Dedicated transplant team for every step in the process
There are a number of steps involved in receiving a kidney transplant. Here we outline the kidney transplant process from initial evaluation to post-surgery. At Main Line Health’s Lankenau Medical Center, just minutes away from Philadelphia, we have a dedicated kidney transplant team to make this process as smooth as possible.
Even if you are not considered eligible for transplant at another center, you may contact Lankenau to be evaluated for a second opinion.
Initial evaluation by all members of our team
During your first visit, you will meet with a pre-transplant coordinator to determine if you are eligible for a transplant. The evaluation involves not only understanding your physical health, but also the psychosocial issues that may impact your ability to successfully handle a transplant.
During the evaluation process:
- The transplant nurse coordinator will obtain a complete personal history, and you will undergo a series of tests.
- You will have a meeting with the transplant surgeon and nephrologist who will perform an examination, review your history and answer your questions.
- A transplant social worker will assess your candidacy from a psychosocial standpoint.
- Later, you will be notified about your eligibility. Even if the team decides you are a good candidate for transplant, the final decision to proceed rests with you.
We also understand your dialysis commitment and can accommodate your schedule.
Medical testing to determine if you are a candidate
As discussed in kidney transplant basics you will need to undergo extensive testing, including blood tests, serum crossmatching, and HLA testing, in order to be matched with a suitable donor kidney. Depending on your insurance coverage and other factors, you may be able to begin testing on the day of your initial evaluation. The sooner you have completed all necessary testing, the sooner we can determine your eligibility for transplant.
We recommend completing your routine health maintenance screening, such as GYN visits and mammograms for women, and colonoscopies for all patients over age 50, prior to your evaluation appointment in order to expedite the evaluation process.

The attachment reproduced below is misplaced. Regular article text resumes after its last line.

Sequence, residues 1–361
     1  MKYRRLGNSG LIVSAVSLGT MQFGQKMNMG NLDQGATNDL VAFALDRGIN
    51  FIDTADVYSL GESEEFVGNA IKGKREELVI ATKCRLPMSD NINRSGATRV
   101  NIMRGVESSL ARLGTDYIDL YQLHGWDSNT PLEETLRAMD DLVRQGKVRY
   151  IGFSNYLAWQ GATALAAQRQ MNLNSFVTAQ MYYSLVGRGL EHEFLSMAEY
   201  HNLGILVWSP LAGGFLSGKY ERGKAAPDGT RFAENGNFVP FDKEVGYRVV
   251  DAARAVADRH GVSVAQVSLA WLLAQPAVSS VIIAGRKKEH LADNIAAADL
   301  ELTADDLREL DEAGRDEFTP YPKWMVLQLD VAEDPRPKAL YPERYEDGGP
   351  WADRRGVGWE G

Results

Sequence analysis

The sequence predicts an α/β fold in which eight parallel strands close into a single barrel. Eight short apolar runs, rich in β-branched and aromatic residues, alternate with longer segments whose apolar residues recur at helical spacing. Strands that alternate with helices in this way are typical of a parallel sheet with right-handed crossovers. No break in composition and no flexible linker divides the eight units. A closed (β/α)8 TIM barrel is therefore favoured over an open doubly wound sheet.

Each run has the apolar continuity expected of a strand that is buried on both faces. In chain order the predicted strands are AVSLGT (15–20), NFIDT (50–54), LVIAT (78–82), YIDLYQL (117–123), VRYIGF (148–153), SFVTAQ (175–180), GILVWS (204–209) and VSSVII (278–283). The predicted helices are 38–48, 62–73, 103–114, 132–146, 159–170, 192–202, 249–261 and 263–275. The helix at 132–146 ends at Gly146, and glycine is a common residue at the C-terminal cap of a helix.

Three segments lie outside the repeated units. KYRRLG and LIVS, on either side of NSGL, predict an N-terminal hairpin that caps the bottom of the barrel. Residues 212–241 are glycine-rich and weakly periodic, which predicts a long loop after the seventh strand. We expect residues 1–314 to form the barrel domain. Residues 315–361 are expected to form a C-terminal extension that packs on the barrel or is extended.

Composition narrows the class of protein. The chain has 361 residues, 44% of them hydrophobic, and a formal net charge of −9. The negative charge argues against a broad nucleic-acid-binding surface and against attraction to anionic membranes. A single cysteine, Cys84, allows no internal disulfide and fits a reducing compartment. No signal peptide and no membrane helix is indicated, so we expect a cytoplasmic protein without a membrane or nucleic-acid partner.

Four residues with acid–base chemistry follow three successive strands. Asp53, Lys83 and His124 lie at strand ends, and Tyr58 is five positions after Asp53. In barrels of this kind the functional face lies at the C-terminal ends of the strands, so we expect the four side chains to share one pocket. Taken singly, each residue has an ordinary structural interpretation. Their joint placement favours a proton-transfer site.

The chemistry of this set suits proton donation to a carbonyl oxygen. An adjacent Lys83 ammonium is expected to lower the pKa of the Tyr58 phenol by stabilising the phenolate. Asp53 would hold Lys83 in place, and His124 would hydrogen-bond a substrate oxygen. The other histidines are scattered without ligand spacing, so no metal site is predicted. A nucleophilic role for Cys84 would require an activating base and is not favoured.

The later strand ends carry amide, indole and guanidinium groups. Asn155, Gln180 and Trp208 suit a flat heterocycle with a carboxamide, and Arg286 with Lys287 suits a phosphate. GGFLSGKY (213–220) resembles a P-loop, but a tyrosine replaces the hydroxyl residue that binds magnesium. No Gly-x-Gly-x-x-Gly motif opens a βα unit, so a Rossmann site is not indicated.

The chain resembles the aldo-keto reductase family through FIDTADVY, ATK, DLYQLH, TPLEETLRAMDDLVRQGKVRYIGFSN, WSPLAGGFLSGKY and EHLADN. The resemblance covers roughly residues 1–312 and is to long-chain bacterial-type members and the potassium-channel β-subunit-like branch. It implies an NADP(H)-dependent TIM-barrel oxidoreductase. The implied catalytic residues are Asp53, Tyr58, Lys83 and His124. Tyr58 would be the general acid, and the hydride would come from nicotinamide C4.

The sooner you have completed all necessary testing, the sooner we can determine your eligibility for transplant.
Getting listed on the kidney transplant list
If you are approved for a transplant, we will contact you by phone and by mail to confirm your placement on the United Network for Organ Sharing (UNOS) transplant list and we will then provide further instructions.
While waiting for a kidney, you will have regular contact with your pre-transplant coordinator. You will also meet with our team once a year, and have testing as needed. The waiting period can range from several months to several years; there is no way to predict how long your wait will be. At our center, however, patients are transplanted at a faster rate than at other transplant centers in our local Organ Procurement Organization/Donor Service Area. Each time an organ becomes available, a process of matching begins in which a centralized system identifies and ranks the most ideal candidates for that kidney. While you are waiting, be sure to stay healthy and active.
Your kidney transplant
As soon as a suitable kidney is available, you will have kidney transplant surgery. If you are receiving a deceased donor kidney, you will have to be prepared to come to Lankenau Medical Center at any given time when we call you. If you are receiving a living donor kidney, the surgery will be scheduled in advance so you can plan ahead.
After your transplant
After surgery you will be taken to the recovery room or intensive care unit where you will be closely monitored for several hours. When your team feels you are ready, you will be moved to the transplant unit. While you are recovering, you will be closely monitored to be sure that you and your new kidney are doing well. You will be connected to a cardiac monitor for approximately 48 hours or until you are in stable condition.
If you receive a deceased donor kidney, your new kidney may be sluggish, and may not work well right away. If this is the case, you may need dialysis temporarily to help you feel well. If this is the case, most kidneys will begin to work within two weeks.
Your doctors may evaluate the function of the transplant kidney with a nuclear scan or a renal ultrasound. These tests may be done frequently during your hospital stay to help your doctor identify any collection or blockage so it can be treated immediately.
Going home after kidney transplant surgery
If all is going well, you may be discharged from the hospital in about four to seven days. Your post-transplant coordinator will help you prepare for your return home and provide you with information to help you through your recovery at home.
Because rejection and other problems usually occur in the first few months, your team will want to continue monitoring your progress and condition very closely. At first, you can expect to return frequently to the transplant clinic. These visits will become less frequent over time.
Medical problems of any nature must be called into the transplant office. A transplant nurse and physician are on-call 24 hours a day.
When you start feeling more like yourself, you can begin enjoying the social and professional activities that were not possible while you were on dialysis.
Medications after kidney transplant
To keep your body from rejecting (attacking) your new kidney, you will need to take drugs called immunosuppressants. You must take these drugs every day, as long as your new kidney is working. If you do not take these drugs you will lose the kidney. At the same time, immunosuppressants increase your risk of contracting infections or getting some forms of cancer. Many immunosuppressants also have side effects. While some patients experience a few side effects, others experience none at all.